“Observers often noted how unusual it looked for this calf to be nursing at 6 years old, her tusks getting in the way of a good hold. But as Cirrocumulus had no other calves, she continued to breastfeed her 6 year old. A normal inter-calf interval in the Samburu population is 4.01 years. By that expectation, she was ready for another calf. When we saw her in oestrus in June 2012 being mate-guarded by Matt, one of our last old bulls, we had reason to believe another calf was on the way.
“Hours spent following Cirrocumulus revealed her to be a lovable animal. In a society where dominance is correlated with size and age, Cirrocumulus stood out from the rest. Towering though hesitant, she was usually at the receiving end of dominance interactions, even when the dominant elephant was smaller than her. She often gave up choice resources for other elephants, and tended toward the edges of groups with her daughter.”
“Ngampit (“Bigfoot” in the Samburu language) was a young bull exploring his place in the elephant world among both males and females. We had the privilege of being privy to these explorations since first identifying him a couple of years ago. Despite the suggestion of his name, Ngampit was only a teenager and so was not very big. A friendly elephant, he was frequently found among our resident families, socializing and participating in group activities like shade sharing and greeting.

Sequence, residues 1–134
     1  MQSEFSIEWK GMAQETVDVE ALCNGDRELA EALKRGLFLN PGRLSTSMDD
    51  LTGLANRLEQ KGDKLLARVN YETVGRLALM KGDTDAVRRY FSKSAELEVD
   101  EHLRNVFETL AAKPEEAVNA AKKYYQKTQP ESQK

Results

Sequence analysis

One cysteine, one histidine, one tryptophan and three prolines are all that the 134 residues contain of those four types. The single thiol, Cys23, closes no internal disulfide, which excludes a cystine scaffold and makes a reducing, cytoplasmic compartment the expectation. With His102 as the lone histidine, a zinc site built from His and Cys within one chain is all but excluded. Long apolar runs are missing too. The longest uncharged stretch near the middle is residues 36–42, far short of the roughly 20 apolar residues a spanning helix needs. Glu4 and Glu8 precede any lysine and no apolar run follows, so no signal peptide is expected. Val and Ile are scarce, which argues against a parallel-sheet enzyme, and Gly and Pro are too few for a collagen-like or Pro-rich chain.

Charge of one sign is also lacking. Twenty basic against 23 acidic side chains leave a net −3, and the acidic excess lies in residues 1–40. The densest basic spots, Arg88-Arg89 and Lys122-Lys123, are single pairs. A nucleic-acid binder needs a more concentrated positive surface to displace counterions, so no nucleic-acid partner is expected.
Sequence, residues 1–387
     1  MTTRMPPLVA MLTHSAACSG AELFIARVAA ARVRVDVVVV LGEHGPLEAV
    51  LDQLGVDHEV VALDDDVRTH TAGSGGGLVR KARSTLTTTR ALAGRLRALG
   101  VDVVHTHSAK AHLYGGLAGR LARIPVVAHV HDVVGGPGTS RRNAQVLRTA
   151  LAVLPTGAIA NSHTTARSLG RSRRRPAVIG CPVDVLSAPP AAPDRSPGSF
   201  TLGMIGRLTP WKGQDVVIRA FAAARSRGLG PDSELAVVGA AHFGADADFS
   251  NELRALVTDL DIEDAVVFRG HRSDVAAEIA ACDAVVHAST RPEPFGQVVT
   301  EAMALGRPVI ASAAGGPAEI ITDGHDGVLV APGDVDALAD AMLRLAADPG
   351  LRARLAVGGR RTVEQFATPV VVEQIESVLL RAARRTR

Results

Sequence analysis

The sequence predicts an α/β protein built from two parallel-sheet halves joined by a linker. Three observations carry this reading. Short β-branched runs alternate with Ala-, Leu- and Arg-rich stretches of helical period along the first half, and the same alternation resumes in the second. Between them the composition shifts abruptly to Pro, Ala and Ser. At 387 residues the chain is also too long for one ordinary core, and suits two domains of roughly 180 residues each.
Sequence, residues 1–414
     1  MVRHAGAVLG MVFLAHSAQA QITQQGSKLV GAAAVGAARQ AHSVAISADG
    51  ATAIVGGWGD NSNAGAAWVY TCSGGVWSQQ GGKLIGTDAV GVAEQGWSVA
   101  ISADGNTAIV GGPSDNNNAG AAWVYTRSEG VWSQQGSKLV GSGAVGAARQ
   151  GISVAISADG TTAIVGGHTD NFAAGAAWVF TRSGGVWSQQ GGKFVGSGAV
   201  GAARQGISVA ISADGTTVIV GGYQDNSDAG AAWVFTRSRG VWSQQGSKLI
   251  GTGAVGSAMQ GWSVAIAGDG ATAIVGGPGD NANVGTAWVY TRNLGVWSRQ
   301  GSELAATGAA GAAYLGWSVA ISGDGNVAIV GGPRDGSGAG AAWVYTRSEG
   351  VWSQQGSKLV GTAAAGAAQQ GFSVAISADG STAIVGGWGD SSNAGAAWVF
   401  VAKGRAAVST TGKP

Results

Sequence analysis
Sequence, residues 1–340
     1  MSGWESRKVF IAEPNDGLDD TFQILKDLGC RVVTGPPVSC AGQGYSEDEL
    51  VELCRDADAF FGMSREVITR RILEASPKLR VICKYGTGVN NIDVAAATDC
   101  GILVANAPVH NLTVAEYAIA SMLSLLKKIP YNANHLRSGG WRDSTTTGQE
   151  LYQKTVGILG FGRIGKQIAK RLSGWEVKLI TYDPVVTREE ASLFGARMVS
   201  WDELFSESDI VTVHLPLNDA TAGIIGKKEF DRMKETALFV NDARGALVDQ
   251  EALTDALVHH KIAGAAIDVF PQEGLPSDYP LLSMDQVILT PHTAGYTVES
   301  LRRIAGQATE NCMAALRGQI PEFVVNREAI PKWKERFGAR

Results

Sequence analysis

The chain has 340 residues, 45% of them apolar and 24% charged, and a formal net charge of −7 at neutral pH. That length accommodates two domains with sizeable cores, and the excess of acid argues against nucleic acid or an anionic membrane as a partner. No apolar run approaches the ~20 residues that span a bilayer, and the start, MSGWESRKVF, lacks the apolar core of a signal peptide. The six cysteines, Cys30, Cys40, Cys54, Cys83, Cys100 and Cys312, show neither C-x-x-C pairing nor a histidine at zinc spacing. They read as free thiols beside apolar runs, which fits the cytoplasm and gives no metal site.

“One especially memorable story of Ngampit occurred in late 2012 after the rains had turned Samburu a lush green and elephants were in good body condition. We came across a group of about 120 elephants spread out in the plains feeding. It didn’t take long before we noticed unusually high levels of activity: a nine year old female from the Zodiacs family was in oestrus (likely her first time) and being chased alternately by different bulls. The bulls present included some in the youngest age category, some just big enough to be reproductively competitive, and one much older bull in full musth named Yeagar. The female would run from whichever bull was chasing her and inevitably be mounted. Yeagar would then run to the scene and chase the bull away. We watched this happen with four different bulls. The youngest among them was Ngampit. Ngampit and these other bulls were exhibiting the “sneaker male” strategy found in some reproductive systems in nature, whereby very dominant males and less dominant males express different behaviors associated with oestrus females. Because Ngampit was not big enough to stay and guard this young female, he instead tried to sneak a copulation when Yeagar wasn’t looking. When Yeagar did take notice, Ngampit quickly moved off so as to avoid confrontation. If Ngampit had been spared by poachers, he would have continued to use this strategy over several years until he himself was old enough to come into musth and fight off other bulls.”